How to spot a phone hack: Internet Scambusters #974
Phone hacking isn't just for the big guys or the bad guys. For all sorts of reasons, you could be a target too.
It's not difficult to break into a phone either, as we report in this week's issue.
But we'll tell you how to identify whether your device has been compromised and what to do about it if it has.
Let's get started…
Phone Hacking Is Easy – Are You a Victim?
Smartphone hacking is big news these days. And it's not just the recent sensational news about Pegasus spyware. Phone hacking is everywhere, and it could be on your cell right now.
A few weeks ago, reports emerged showing that some governments were using a spy program called Pegasus to target not only terrorists but also journalists, businesspeople, activists, politicians, and others.
If you don't fit into one of these categories, you may think you have nothing to worry about. But the reality is that it's quite easy to break into and monitor calls, web usage, and text messages.
"Malevolent hackers can divert your incoming calls and texts to any number they want, and they don't need to be a criminal mastermind to do it," says expert Justin Meyers.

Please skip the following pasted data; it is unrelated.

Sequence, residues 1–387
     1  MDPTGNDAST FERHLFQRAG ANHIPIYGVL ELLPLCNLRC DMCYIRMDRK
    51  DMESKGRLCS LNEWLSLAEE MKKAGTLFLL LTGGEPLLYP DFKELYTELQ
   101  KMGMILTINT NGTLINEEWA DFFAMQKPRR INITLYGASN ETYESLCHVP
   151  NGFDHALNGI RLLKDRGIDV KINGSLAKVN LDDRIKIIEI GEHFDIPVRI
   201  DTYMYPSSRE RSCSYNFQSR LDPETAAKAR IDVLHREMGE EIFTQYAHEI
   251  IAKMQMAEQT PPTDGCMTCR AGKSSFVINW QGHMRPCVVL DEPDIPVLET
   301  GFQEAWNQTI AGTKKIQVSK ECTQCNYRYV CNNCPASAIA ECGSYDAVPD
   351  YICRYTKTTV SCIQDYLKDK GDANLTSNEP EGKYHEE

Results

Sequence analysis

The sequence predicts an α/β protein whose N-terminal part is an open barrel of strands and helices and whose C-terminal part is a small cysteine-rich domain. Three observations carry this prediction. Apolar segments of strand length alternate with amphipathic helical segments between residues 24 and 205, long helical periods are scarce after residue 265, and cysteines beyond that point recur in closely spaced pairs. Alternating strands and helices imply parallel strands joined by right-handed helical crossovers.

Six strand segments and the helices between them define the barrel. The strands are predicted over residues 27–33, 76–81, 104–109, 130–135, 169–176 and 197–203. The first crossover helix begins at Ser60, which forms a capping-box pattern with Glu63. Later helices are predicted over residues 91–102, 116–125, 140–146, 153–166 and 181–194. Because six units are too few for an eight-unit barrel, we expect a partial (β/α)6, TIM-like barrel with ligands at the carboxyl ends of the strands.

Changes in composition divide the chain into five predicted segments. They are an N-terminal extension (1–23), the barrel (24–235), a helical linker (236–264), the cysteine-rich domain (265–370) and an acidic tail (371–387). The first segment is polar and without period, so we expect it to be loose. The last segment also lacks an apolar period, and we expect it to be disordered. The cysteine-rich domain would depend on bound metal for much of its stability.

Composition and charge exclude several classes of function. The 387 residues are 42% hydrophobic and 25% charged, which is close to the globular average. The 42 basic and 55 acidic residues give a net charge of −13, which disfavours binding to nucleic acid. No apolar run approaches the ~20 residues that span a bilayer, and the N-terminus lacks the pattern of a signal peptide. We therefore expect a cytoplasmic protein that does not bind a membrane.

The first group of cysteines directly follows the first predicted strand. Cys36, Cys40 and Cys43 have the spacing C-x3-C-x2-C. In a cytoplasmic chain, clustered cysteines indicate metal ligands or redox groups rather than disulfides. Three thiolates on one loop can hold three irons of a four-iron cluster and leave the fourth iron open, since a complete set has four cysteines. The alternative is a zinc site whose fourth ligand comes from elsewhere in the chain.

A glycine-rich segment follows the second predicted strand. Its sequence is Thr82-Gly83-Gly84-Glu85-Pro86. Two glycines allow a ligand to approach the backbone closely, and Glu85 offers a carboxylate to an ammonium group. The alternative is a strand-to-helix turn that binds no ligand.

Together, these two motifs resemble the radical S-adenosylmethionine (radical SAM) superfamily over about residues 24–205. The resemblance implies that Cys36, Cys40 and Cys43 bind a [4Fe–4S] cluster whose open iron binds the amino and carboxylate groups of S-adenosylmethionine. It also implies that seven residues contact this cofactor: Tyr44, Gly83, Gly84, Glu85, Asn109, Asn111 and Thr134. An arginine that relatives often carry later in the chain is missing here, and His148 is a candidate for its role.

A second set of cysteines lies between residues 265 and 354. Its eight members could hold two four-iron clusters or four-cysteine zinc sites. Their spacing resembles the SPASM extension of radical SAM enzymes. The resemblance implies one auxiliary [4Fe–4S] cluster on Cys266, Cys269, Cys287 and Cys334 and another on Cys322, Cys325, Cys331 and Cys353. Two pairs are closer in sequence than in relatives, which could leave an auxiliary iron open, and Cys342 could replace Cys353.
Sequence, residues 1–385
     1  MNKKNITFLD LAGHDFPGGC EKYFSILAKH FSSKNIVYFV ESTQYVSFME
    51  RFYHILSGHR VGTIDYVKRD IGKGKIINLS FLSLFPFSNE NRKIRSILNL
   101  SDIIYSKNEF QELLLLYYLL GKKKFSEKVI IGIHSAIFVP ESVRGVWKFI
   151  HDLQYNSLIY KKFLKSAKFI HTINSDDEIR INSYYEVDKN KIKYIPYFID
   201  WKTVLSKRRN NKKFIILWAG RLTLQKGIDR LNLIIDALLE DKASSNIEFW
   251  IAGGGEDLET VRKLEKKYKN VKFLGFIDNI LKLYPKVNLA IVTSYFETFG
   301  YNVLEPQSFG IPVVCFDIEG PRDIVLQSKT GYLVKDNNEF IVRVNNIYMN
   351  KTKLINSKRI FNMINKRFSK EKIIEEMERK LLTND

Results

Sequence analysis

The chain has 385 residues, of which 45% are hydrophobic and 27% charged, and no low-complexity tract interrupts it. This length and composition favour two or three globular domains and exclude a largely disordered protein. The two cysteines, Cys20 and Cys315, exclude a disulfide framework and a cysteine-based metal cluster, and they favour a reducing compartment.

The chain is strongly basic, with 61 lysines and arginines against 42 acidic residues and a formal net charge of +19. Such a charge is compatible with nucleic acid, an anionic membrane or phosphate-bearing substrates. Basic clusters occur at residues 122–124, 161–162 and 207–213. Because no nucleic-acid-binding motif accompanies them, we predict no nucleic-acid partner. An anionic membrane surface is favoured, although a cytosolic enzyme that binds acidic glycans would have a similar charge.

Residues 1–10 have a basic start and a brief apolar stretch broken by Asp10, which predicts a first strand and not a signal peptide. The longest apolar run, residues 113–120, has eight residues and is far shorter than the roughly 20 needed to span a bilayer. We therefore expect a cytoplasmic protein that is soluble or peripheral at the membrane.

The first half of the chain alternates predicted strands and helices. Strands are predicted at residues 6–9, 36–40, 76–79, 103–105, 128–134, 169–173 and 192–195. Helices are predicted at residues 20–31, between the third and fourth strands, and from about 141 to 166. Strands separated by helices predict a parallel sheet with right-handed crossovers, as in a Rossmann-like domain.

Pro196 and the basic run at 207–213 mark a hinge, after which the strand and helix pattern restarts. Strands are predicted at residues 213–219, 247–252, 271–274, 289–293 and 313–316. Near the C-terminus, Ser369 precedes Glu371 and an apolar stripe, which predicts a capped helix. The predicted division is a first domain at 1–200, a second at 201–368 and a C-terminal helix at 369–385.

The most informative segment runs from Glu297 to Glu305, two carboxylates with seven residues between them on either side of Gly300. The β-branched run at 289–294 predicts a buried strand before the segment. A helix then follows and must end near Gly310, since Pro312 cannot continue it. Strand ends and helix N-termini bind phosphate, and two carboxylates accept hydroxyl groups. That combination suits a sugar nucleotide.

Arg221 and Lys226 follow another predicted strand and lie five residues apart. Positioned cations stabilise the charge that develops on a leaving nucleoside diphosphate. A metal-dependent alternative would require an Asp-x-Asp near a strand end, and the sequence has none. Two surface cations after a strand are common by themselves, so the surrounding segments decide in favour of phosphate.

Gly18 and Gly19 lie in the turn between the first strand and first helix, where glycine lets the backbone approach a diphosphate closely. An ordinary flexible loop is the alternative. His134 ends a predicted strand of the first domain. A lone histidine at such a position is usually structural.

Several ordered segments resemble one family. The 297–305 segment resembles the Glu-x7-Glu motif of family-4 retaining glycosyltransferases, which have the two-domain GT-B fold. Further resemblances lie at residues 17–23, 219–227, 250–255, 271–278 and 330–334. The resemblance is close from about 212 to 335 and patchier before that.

He told followers on the website Gadget Hacks: "Even friends and family members can reroute your incoming calls and messages so that they know exactly who's trying to reach you, and all it takes is seconds of access to your iPhone or wireless account."
We're not here to tell you how that's done. But Meyers, who usually writes specifically about Apple (iOS) mobile devices, cites numerous ways for people to tap into smartphones and to re-route calls. Sneaky hackers can reroute just the calls that aren't answered so the user never finds out.
And not all of them need the hacker to physically have access to the device or even to trick the owner into downloading spyware. They can exploit security weaknesses in cell phone network technology or simply try an easy-to-guess account password for example.
According to tech journalist Natasha Stokes, there are at least a dozen ways they can break in, including via Bluetooth and snooping via unprotected open Wi-Fi networks.
Have You Been Hacked?
The important questions are whether your phone has been hacked and what you can do about it.
It's generally easy to check if your calls are being re-routed by checking "call forwarding" in your device's settings. If it's switched on, you'll find where the call is being forwarded to, and, if you didn't set it, you can switch it off. Simple as that.
On some networks, you can also key in certain codes that tell you if unanswered calls are being forwarded. Meyers lists the codes at Dial These Secret Codes to See If Someone Is Hijacking Calls & Texts on Your iPhone.
10 Signs You've Been Hacked
In addition, here are 10 of the signs that your phone has been hacked, and crooks may be tracking you or spying on your activities:
- Your battery needs recharging more often.
- Your phone seems to be running extremely slowly.
- The device is misbehaving, doing things you don't expect.